Difference Between Similar Terms and Objects

Difference Between Use and Utilize

english wordsUse vs Utilize

Having a firm grasp on the difference between use and utilize can help you from making one of those infamous English faux pas. In all recent accounts, the word ‘use’, has been part of the English language for much longer than the term ‘utilize’. It wasn’t until the last hundred years that people have mixed up the two words, usually as an effort to sound smarter, by throwing in the word ‘utilize’ where it doesn’t belong. Usually, the effort is misguided, and the English sentence is mercilessly butchered instead of expressing feigned intelligence.

Basically, you can use the word ‘use’ interchangeably, but you cannot do the same with the word ‘utilize’. You can use a fork to eat with, or you can use a fork to prop open a window, without stepping into any grammar holes. However, you can not utilize a fork for eating, while you can utilize a fork to prop open a window. Why?

‘Use’ refers to the proper and intended job with which the individual or item is acceptably associated. ‘Utilize’ is more creative, meaning that you have found a not-so-traditional manner in which to create a new function for the individual or item.

It should be noted, that when it comes to people, there is a significant difference between ‘using’ someone, and ‘utilizing’ them. That boils down to intention. When we use someone, we do so with the intention of gaining solely for ourselves, and almost always, the act requires at least a small amount of deceit. Utilizing someone has a more pure intention, meaning that there is no deceit, and we assign them to the position in our lives or company for a greater good. You can utilize someone’s talents to help you through a rough emotional patch, or to increase your business profits. The intention of utilization is more reciprocal.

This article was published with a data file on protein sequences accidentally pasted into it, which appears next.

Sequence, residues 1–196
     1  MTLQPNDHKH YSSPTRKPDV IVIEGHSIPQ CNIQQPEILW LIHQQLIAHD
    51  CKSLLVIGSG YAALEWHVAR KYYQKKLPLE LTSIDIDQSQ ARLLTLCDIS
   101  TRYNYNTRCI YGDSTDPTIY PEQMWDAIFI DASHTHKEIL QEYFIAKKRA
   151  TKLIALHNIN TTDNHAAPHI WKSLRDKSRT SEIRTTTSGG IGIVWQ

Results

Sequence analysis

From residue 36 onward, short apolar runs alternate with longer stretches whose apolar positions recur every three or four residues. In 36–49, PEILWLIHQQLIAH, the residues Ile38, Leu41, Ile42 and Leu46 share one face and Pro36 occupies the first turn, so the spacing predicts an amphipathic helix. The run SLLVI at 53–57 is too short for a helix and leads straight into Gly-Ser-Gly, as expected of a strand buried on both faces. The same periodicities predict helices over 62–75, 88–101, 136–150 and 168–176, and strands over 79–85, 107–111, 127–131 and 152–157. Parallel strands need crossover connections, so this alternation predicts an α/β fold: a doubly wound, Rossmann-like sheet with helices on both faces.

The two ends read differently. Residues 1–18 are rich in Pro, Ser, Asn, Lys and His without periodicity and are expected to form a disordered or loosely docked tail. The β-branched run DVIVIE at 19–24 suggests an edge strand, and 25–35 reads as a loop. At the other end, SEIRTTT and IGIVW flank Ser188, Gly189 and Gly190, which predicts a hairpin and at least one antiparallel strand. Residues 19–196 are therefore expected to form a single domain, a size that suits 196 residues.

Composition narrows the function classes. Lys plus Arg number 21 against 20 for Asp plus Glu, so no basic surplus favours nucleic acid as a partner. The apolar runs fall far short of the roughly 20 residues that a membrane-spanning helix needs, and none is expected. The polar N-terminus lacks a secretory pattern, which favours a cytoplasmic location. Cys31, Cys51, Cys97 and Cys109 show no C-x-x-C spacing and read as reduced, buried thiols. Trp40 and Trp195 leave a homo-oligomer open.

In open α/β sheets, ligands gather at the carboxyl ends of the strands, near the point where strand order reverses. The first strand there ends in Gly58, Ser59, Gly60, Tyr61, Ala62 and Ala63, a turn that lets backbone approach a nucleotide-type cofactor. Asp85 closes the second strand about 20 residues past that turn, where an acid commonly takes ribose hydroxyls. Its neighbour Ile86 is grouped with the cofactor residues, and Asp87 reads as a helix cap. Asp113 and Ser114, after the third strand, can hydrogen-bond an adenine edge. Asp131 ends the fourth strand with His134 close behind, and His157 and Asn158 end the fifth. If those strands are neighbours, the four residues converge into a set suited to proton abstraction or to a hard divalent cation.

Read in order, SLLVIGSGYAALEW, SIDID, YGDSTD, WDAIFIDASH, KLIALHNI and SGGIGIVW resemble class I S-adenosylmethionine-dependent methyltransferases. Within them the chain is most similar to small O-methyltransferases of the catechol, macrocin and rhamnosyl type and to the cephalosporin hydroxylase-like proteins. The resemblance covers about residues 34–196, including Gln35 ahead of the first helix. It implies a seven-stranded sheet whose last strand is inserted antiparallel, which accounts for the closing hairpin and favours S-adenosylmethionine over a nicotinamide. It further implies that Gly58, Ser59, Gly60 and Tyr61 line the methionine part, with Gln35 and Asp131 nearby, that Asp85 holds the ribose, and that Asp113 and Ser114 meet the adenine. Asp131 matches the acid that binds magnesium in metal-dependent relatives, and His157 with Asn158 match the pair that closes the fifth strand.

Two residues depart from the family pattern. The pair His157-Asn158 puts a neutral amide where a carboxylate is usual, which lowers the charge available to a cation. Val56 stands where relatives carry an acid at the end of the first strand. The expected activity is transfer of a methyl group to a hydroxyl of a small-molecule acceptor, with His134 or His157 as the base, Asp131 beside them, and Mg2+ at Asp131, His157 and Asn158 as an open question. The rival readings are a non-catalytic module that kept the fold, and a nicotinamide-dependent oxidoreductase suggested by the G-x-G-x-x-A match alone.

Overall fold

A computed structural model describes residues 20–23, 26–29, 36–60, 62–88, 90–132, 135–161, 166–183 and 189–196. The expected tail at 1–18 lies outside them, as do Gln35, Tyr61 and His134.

Summary:

1. The word ‘use’ is older than the word ‘utilize’.

2. ‘Utilize’ is much more likely to be improperly inserted into a sentence.

3. You can misuse the word ‘use’, and it will still make a proper sentence.

4. You ‘use’ items as they were intended to be used.

5. You ‘utilize’ items when you create a new or nontraditional job for the item.

6. The ‘use’ of people can be ill intended.

7. ‘Utilizing’ people is not of ill intent, nor is it a one sided exchange.


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1 Comment

  1. I’d be happier if there were more etymology shown, instead of solely assertions. This interests me. Thanks

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